The Disabled God: Toward a Liberatory Theology of Disability

by Nancy L. Eiesland. Abingdon Press, 1994.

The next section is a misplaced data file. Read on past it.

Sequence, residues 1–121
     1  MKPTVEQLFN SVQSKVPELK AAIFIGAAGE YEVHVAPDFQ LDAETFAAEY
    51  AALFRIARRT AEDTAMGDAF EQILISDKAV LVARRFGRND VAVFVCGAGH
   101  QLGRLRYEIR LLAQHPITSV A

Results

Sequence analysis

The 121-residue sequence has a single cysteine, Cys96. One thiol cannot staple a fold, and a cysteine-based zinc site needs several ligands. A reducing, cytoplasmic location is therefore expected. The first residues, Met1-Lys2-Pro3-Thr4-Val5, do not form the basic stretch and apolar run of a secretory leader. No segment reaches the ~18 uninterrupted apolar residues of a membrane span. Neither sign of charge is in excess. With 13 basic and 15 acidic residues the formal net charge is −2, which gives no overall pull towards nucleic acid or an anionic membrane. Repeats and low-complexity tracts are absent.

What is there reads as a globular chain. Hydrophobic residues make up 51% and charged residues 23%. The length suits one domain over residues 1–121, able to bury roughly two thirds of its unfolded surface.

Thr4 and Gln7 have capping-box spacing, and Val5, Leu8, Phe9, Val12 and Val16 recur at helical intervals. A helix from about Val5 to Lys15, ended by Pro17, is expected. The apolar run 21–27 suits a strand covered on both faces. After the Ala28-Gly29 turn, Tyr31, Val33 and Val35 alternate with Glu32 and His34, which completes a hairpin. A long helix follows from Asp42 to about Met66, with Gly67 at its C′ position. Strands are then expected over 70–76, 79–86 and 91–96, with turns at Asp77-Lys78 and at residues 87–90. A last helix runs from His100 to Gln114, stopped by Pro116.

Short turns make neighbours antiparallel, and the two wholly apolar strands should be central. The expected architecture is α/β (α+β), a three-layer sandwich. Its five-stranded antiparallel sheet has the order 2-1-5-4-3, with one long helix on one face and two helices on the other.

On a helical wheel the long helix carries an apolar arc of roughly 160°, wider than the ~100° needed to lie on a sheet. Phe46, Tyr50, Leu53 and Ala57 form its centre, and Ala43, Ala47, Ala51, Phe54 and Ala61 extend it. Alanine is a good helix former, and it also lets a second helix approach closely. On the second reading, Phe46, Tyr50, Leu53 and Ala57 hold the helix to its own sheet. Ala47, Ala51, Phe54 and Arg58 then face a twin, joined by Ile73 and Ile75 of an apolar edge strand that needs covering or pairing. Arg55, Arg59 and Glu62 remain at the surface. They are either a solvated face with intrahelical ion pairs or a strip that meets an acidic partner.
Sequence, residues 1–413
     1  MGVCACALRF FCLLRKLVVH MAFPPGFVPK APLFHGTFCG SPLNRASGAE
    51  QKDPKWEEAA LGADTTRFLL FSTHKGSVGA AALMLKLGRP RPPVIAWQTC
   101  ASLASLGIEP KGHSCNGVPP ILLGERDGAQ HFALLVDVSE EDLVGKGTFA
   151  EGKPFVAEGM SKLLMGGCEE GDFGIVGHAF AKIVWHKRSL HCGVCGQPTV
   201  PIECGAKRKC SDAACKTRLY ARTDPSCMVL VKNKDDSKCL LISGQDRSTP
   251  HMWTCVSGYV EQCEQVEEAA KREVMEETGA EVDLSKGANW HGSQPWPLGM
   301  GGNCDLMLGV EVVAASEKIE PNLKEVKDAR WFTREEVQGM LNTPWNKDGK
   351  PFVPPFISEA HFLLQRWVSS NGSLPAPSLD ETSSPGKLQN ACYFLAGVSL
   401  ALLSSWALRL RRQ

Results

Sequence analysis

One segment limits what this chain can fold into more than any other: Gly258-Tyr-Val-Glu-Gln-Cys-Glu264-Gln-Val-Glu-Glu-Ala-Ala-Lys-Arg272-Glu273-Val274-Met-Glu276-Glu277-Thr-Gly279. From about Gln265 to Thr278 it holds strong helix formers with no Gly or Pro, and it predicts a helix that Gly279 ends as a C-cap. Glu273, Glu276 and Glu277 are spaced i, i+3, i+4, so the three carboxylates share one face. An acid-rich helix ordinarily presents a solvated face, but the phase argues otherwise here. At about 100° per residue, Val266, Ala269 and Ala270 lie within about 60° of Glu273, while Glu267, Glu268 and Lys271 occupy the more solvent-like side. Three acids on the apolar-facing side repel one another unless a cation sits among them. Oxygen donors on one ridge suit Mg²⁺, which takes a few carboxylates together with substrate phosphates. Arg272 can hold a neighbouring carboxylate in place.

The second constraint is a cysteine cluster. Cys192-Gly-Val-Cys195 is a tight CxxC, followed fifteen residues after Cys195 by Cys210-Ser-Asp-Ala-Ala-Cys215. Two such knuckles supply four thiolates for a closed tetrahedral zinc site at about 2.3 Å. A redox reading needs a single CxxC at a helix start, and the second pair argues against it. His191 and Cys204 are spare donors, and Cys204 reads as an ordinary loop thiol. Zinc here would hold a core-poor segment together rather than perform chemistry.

Nancy Eiseland's theology would liberate both persons with disabilities and the "temporarily able-bodied" from lives and ministries that have been broken by isolating, unthinking stereotypes. Contending that persons with disabilities have been marginalized as a minority identifiable by the fact of disability, she would expand "access" beyond barrier removal to inclusion in images, mutual ministry, and the ordinariness of life. Two case narratives describe common aspects of ordinary lives lived in non-ordinary bodies. Human experience and human bodies—with or without current or future disabilities—are part of God's creation. The disabled God—the resurrected-wounded Jesus—presents a body image with which persons with disabilities can identify, and a confirmation that “normal” and impaired bodies alike experience injustice and contingency. This book can help engender a mutual inclusiveness that dispenses with romanticisms and unreflective conventions, and confirms the worth and dignity of ordinary lives lived in common.